This system also has you draft Treasure cards that you draw at a later stage in the game, at the same time as your opponent. They’re generally like giant board clears, big removal, or other swings. So the important thing about every Faeria deck in Pandora is that it has the potential to swing the game. That just doesn’t happen in Hearthstone. If you want to swing the game you have to play Mage or Rogue. Rogue has ridiculous early game removal and Mage has Flamestrike. Now you can play every single class and hope to curve out, but you don’t have the same opportunities.

It’s honestly obvious that these other games that are coming up in the same genre are doing it better than Hearthstone. So Blizzard’s traditional inability to change their game in time might be an issue in the long run. But I think Hearthstone is in pretty good shape overall, and at least it seems they’re taking the criticism quite seriously. I think it seems reasonable to be optimistic, but they might be outpaced by an indie card game eventually. 


In a bid to address some of the perceived issues with current competitive play, the former world champion James “Firebat” Kostesich organised his own tournament in which a number of problematic cards like Yogg-Saron and Fiery War Axe (as picked by the community) were banned. It took place on his Twitch channel on 14 September. All the players were invited pros and well-known streamers, and it averaged well over 30k viewers.

What have you made of [former world champion] Firebat organising a tournament with a banned list of cards?

I think more than anything people want change, and he’s bringing some form of change, so people are overwhelmingly positive about it. I think what he’s doing is a really cool idea. I would actually say that I am sure that the number one reason that tournament viewership is down is because the famous players in the game are generally not part of those tournaments. When viewership was high, it was because famous players were in them, which was because tournaments had a lot more invites.

Obviously, as a pro Hearthstone player, you can’t always qualify for tournaments. And the incentive to play isn’t always there, because the prize pools in Hearthstone might seem like a lot, but your chance of winning is one-in-100s. The time investment is not worth it for someone who can stream and get even a few thousand viewers, let alone tens of thousands. So the well known players are not participating, or they’re not getting anywhere. At the end of the day you have a top 16, 15 of whom nobody has ever seen before, and casters who’ve been doing it for a few months often. It’s not interesting for people.

People don’t care if it’s random. People don’t care if the players are good. They want to be entertained...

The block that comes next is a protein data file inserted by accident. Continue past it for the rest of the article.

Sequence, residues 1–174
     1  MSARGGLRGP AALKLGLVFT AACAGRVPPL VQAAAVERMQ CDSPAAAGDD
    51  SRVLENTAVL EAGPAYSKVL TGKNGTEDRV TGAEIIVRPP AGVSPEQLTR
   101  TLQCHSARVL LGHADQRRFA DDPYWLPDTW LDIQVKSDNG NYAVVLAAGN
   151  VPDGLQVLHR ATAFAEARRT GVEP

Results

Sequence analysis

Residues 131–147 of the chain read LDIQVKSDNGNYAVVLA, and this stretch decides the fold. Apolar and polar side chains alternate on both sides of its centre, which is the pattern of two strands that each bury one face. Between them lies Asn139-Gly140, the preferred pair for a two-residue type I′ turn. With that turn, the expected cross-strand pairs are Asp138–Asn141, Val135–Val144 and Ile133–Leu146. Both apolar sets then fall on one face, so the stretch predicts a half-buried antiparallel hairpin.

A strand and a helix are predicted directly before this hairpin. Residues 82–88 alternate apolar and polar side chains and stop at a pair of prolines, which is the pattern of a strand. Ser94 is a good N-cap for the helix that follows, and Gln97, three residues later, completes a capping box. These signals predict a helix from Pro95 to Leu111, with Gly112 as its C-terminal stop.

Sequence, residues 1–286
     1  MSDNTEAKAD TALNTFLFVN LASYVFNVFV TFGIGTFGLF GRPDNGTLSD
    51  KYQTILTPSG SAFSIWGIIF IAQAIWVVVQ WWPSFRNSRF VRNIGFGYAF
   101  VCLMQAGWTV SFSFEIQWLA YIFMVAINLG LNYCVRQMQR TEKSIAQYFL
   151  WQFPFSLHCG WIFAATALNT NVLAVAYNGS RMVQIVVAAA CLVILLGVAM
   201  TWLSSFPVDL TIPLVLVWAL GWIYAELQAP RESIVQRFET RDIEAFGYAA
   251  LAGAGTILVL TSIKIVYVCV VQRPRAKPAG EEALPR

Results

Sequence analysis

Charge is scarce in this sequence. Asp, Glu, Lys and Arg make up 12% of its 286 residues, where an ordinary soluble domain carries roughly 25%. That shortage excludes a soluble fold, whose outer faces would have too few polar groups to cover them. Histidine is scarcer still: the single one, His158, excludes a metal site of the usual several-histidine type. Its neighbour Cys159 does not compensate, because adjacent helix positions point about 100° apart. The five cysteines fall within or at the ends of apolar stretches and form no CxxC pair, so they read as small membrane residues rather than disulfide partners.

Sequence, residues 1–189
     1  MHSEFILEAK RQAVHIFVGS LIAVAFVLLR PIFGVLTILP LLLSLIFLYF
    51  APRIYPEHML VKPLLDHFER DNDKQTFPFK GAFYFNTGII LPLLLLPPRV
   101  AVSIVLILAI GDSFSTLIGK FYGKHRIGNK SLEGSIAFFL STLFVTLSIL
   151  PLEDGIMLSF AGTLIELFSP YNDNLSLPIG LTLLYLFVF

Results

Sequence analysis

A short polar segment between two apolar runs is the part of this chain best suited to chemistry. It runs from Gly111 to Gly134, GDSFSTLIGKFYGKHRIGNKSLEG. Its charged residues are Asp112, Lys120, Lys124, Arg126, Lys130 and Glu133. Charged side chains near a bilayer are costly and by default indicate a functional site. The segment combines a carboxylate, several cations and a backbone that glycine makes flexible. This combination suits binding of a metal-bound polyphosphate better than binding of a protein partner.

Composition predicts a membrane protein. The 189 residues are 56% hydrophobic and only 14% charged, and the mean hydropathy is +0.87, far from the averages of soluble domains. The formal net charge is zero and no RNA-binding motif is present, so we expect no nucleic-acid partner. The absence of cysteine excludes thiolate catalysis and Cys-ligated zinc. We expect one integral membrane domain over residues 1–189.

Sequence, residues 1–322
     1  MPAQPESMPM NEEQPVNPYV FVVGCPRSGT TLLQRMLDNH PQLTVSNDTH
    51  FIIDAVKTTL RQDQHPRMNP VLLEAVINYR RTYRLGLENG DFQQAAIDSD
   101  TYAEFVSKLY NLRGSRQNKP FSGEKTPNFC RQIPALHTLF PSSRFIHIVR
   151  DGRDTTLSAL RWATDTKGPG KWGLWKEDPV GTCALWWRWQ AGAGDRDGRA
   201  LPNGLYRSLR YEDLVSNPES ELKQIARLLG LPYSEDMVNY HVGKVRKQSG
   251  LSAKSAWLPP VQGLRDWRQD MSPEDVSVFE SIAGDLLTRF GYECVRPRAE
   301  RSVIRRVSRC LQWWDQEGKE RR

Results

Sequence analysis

Look at tournaments like Lord of the Arena II, where we had some of the worst Hearthstone players to be streamed anywhere, and we got like 70,000 viewers. The quality of play has a complete disconnect from the viewership. People don’t care if it’s random. People don’t care if the players are good. They want to be entertained, and they want the people they know to be playing, and that’s really all there is to it.

I feel like they want different match-ups. Who wants to see more Dragon Warrior versus Zoo now?

That’s the other problem. There’s almost no class diversity. Right now there’s like two or three aggro/tempo decks that counter each other, and it’s a circle that’s very hard to break.

Or it’s Yogg Druid and whoever gets the best one wins.

I don’t mind Yogg. I think Yogg is pretty cool. I would gladly watch Forsen vs Kolento in a Yogg-only deck best of seven. That would be awesome. They need player cams and maybe microphones. I understand Blizzard wants to have a more serious esport, but you can’t have it both ways. You can’t have a serious esport and ridiculous RNG. And if you have the ridiculous RNG, then you have to invite the personalities more to make it a community experience. Otherwise it’s a total disconnect from what people want to see. 

Tim Clark

With over two decades covering videogames, Tim has been there from the beginning. In his case, that meant playing Elite in 'co-op' on a BBC Micro (one player uses the movement keys, the other shoots) until his parents finally caved and bought an Amstrad CPC 6128. These days, when not steering the good ship PC Gamer, Tim spends his time complaining that all Priest mains in Hearthstone are degenerates and raiding in Destiny 2. He's almost certainly doing one of these right now.